Type of site
|Internet chess server, Social media website|
|Founder(s)||Erik Allebest, Jay Severson|
|Slogan(s)||Play. Learn. Share.|
|Alexa rank||1386 (December 2016[update])|
Chess.com is an Internet chess server, Internet forum and social networking website; it is also the name of the company that runs the site. It is the most frequently visited chess website according to Alexa Internet rankings. According to the website, it has more than 16 million members.
The domain chess.com was originally set up in about 1995 by Aficionado, a company based in Berkeley, California, in order to sell a piece of chess tutoring software called "Chess Mentor". In 2005, internet entrepreneur Erik Allebest and partner Jarom ("Jay") Severson purchased the domain name and assembled a team of software developers to redevelop the site as a chess portal. The site was relaunched in 2007. Allebest plays chess at an amateur level. The site was heavily promoted via social media and grew quickly, attracting mainly casual players. In 2009, chess.com announced a takeover of a similar chess social networking site, chesspark.com.
In October 2013, chess.com acquired the Dutch-based chess news site chessvibes.com. In 2014, the site announced that over a billion live games had been played on the site, including 100 million correspondence games.
Chess.com has held regular "deathmatches" since January 2012, whereby two titled players are paid to play a series of blitz games over a non-stop 3-hour period (5-minute, 3-minute and 1-minute, all with a one-second increment). To date, there have been 37 deathmatches, some of them held between top grandmasters such as Hikaru Nakamura, Dmitry Andreikin, Maxime Vachier-Lagrave, Simen Agdestein, Lê Quang Liêm, Wesley So, Georg Meier, Arkadij Naiditsch, Loek van Wely, Fabiano Caruana, Judit Polgár and Nigel Short.
In November 2016, chess.com switched to the third version of the website after years of development.
Visitors to the site can play on a live chess server and correspondence style games, referred to on the site as "turn-based". Players may also play against chess engines, and participate in voting games, in which players form teams and vote on the best move. Additional features include tactics training, chess forums, articles, chess news, downloads, openings databases, groups, live broadcasts, daily puzzles, online coaching and a game database of over 2 million games.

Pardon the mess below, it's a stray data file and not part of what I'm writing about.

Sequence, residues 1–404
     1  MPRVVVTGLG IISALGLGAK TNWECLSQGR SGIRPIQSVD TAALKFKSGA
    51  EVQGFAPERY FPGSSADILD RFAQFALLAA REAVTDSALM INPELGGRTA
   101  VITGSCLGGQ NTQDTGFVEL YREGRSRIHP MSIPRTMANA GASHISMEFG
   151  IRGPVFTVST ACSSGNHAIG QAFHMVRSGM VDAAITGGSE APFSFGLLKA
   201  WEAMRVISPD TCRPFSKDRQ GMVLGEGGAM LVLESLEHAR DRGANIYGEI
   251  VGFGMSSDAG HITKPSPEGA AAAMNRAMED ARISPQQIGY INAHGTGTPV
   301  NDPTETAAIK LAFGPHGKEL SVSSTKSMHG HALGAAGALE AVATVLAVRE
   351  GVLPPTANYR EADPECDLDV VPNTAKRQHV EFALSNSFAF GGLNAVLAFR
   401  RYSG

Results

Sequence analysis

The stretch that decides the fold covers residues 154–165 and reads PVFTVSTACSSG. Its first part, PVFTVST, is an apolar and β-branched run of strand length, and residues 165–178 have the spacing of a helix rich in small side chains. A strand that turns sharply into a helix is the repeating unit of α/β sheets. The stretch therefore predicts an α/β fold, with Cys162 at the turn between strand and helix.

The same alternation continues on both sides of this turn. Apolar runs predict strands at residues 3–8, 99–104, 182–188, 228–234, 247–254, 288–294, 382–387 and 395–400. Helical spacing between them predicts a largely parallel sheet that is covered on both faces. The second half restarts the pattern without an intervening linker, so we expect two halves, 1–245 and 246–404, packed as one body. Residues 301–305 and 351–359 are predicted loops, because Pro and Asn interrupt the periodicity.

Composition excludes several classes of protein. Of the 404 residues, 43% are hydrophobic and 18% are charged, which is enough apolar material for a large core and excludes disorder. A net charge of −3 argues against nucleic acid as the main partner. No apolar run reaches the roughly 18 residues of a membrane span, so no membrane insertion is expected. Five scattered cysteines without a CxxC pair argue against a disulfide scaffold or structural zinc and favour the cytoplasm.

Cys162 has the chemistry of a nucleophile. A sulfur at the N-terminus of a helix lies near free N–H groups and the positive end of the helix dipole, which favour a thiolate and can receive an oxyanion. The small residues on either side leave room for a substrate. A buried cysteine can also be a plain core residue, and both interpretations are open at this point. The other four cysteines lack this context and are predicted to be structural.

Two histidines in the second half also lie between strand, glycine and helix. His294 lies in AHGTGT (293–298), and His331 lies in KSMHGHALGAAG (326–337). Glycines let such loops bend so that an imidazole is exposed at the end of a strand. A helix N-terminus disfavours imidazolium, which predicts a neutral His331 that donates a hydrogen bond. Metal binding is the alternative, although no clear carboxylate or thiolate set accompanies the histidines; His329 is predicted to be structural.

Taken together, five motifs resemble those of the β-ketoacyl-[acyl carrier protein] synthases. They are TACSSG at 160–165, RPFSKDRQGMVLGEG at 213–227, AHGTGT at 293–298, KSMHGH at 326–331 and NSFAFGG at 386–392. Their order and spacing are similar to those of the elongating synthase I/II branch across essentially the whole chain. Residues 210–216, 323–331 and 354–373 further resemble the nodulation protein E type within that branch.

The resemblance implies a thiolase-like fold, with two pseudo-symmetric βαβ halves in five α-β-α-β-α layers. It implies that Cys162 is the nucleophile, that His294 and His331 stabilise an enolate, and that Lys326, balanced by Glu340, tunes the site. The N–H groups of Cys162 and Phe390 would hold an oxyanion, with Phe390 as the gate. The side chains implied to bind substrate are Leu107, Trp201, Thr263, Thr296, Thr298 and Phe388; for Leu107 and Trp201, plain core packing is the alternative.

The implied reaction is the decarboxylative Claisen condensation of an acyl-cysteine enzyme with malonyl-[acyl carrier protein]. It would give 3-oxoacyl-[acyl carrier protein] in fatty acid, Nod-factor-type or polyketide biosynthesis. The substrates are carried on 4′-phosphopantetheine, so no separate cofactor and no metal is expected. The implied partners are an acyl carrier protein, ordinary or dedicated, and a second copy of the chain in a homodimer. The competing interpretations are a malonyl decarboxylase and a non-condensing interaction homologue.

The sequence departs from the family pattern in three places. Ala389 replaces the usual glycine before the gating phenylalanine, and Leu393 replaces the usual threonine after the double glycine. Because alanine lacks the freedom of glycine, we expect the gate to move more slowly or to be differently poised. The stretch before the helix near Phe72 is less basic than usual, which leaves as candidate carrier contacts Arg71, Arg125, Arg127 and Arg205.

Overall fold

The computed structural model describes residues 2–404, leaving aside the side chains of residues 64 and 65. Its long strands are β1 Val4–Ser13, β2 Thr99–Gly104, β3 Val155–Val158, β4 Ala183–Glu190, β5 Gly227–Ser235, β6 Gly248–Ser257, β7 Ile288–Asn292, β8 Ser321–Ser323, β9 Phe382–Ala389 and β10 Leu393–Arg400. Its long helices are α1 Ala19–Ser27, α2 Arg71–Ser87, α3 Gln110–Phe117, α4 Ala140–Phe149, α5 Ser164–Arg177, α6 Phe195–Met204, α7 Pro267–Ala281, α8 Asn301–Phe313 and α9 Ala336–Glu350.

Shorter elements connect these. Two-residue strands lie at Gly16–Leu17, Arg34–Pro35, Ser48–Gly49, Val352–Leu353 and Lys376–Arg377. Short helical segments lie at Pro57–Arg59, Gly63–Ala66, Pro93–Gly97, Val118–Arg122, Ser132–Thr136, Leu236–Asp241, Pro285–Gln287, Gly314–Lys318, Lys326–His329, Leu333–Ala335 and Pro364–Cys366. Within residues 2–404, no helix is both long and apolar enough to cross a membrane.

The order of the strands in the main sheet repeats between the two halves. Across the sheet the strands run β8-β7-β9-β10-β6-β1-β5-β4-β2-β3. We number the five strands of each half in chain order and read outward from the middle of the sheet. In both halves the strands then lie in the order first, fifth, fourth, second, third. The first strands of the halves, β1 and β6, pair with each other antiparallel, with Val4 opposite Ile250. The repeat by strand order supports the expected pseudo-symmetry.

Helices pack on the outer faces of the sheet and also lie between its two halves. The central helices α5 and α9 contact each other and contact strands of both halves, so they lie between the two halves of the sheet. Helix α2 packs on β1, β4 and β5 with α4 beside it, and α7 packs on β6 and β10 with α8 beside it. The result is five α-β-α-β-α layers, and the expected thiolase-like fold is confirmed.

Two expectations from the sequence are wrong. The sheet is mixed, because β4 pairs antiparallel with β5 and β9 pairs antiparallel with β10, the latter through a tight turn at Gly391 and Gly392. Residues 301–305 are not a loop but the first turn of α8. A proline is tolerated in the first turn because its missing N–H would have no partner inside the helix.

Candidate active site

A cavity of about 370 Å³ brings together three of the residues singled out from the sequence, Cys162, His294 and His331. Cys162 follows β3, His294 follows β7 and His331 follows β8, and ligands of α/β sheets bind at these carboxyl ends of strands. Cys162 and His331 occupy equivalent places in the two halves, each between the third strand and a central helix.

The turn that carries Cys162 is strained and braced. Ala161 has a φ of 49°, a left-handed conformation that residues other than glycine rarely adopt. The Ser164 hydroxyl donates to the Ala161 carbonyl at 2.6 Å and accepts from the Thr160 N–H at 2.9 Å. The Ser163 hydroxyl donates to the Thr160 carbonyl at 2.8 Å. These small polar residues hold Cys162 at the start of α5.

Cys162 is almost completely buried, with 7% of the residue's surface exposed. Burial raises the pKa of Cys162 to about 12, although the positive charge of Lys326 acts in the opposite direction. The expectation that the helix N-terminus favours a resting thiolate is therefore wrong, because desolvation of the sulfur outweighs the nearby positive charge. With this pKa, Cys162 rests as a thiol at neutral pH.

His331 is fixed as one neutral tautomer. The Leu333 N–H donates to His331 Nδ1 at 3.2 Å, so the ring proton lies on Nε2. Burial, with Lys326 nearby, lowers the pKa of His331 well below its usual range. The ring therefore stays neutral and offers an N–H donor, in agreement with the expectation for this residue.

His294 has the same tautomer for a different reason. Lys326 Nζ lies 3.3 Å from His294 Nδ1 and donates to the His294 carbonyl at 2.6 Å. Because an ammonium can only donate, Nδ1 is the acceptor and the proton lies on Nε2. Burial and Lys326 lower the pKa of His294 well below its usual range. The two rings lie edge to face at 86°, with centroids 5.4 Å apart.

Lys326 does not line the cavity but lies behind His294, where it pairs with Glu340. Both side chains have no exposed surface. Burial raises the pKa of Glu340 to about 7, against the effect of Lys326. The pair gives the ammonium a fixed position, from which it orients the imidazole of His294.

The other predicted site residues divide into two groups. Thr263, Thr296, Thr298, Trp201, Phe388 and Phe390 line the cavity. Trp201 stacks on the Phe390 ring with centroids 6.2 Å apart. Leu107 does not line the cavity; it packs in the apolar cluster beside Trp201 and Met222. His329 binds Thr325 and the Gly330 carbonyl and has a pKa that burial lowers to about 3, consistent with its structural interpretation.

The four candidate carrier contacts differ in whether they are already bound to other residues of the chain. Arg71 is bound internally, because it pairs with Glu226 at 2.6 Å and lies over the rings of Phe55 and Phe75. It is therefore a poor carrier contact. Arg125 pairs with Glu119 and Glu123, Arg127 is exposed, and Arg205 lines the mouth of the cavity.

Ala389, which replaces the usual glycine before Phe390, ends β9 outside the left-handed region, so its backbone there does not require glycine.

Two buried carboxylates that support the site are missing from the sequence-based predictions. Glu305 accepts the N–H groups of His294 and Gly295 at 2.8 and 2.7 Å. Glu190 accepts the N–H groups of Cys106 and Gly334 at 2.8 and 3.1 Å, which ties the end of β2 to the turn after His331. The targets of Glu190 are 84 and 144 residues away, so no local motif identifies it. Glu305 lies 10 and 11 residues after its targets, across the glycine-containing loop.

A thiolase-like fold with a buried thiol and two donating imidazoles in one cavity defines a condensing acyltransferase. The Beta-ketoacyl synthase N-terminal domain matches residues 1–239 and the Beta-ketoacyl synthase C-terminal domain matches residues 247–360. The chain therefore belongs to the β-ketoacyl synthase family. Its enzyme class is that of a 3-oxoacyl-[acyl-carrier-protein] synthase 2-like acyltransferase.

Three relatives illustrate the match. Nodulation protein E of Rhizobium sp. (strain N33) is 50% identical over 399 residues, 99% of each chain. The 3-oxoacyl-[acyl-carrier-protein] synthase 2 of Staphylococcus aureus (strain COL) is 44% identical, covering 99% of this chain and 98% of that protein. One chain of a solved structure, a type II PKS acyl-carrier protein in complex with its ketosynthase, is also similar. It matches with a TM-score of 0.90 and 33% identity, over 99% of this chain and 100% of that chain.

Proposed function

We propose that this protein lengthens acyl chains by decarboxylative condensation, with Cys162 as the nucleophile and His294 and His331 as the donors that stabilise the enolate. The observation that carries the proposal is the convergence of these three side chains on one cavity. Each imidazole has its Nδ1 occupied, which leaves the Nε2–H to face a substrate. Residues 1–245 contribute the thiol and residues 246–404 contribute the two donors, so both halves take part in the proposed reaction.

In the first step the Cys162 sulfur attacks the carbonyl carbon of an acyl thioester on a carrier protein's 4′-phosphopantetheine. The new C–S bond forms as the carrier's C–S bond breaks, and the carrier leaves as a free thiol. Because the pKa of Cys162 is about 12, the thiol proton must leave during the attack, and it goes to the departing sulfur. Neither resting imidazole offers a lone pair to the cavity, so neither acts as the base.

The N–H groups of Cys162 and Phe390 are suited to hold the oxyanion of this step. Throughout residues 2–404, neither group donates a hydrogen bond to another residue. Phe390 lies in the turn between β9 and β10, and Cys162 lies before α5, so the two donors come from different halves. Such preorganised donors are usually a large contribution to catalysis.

On the site, players are able to learn to play at any level, take part in discussion forums and watch chess events. Another popular feature is clubs (or teams), which can play matches against each other.
The company publishes a large number of articles on a variety of chess-related topics, including chess strategy, opening theory and history. Regular contributors include Gregory Serper, Bruce Pandolfini, Rafael Leitão, Dan Heisman, Jeremy Silman, Petar Genov, Daniel Naroditsky, Natalia Pogonina and Daniel Rensch.
Users can player a number of variants on the live server, including crazyhouse, three-check, king of the hill, 960 chess and bughouse.
Chess.com has a policy against the use of chess engines in all forms of the game, except unrated games where both players agree. It allegedly utilizes certain undisclosed techniques to catch players using engines in games and bans many on a daily basis.
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- (DanielRensch), Daniel Rensch. "Cheating on Chess.com". Chess.com. Retrieved 2017-01-24.
- "The United States Chess Federation – Nation's Top Chess Kids to Battle in Online Invitational". Uschess.org. 2012-05-31. Retrieved 2013-11-30.
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